This doubleness is important to the poem’s content because Byron demonstrates several motifs of duality — life/death, summer/fall, sheen/rust — to his readers, even in his poetic structure. Furthermore Byron uses alliteration creating a musical quality, “And the sheen of their spears was like stars on the sea,” suggesting a peaceful and serene atmosphere in contrast to the destruction that is to follow. The tone of the poem changes in stanza 2 and the parallel similes in that stanza provide the transition from one tone to the next.

Similes uses by Byron help picture the overall scene while using similes based on natural processes — summer turning to fall, snow melting, armor rusting — to suggest the transitory nature of all life. Moreover repetition of the word “And” creates a predominant rhythm in the poem while at same time giving the poem a dramatic intensity. A brilliant short narrative poem, “The destruction of Sennacherib” envisions a battle scene from the Old Testament that records in one sentence the defeat of the Assyrians by God’s Angel of Death.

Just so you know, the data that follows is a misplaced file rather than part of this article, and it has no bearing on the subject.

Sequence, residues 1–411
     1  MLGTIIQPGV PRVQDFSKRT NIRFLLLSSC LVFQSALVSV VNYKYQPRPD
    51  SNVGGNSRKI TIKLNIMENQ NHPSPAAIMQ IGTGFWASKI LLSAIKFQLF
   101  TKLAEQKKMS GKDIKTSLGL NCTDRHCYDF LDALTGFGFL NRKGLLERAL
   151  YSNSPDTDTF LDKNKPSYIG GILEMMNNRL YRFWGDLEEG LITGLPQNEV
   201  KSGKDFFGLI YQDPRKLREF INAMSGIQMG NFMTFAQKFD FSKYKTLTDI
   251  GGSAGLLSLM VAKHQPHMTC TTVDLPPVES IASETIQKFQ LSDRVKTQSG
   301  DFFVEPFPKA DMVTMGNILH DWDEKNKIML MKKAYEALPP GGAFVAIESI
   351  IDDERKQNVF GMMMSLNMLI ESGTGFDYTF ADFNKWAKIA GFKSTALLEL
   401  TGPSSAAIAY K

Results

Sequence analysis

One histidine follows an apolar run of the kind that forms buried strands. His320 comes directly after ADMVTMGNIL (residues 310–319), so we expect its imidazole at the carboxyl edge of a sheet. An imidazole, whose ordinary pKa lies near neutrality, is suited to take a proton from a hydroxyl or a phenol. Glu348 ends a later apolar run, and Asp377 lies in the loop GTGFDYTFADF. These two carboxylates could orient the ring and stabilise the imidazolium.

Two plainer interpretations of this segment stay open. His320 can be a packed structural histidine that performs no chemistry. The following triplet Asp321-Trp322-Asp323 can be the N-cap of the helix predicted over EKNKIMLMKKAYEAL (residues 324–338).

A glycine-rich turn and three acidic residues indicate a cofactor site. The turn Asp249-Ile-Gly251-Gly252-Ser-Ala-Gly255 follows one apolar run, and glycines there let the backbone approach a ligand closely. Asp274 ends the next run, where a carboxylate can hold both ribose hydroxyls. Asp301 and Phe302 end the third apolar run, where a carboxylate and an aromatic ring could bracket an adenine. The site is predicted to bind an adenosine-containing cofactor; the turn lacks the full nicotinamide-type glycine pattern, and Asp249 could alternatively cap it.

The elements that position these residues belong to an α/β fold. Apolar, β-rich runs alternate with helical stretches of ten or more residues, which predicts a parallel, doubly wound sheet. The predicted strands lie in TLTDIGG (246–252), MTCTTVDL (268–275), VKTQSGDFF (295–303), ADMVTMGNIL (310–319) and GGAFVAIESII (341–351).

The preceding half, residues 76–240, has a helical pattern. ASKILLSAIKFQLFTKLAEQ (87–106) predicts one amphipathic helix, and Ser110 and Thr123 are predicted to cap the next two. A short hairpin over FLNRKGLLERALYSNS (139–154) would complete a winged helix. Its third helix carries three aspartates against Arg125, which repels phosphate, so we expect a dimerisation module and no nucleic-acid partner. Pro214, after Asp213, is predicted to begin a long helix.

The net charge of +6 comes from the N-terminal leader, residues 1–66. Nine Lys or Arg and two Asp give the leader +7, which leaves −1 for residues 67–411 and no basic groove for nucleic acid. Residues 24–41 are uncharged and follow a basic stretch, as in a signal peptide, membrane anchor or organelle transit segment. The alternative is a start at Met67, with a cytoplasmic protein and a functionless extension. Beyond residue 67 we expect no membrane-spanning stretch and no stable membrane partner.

The poem begins with a powerful image of King Sennacherib anchoring down on the battlefield almost like god himself as if nothing could counter or averse the destruction that this invading army threatens. There is almost this feeling of arrogance, and ruthlessness in the initial image of his coming down “like a wolf on the fold,” almost as a tyrant in the image of a predator as much as there is the heroic aspect conveyed through the description of his cohorts “gleaming in purple and gold. Byron thus brings out two points of view each paradoxical in to each other and it is difficult to say whether Byron has depicted him as a hero keeping in mind the Romantics preoccupation with the fallen heroes or an anti hero to convey the mightiness of God. Keeping in mind the heroic aspect one may refer to Coleridge’s poem “Kubla Khan” in which Coleridge in a similar manner describes the majestic awe of the “stately pleasure dome” created by Kubla Khan and feels that he cannot create such majestic art himself and for him he represents a hero.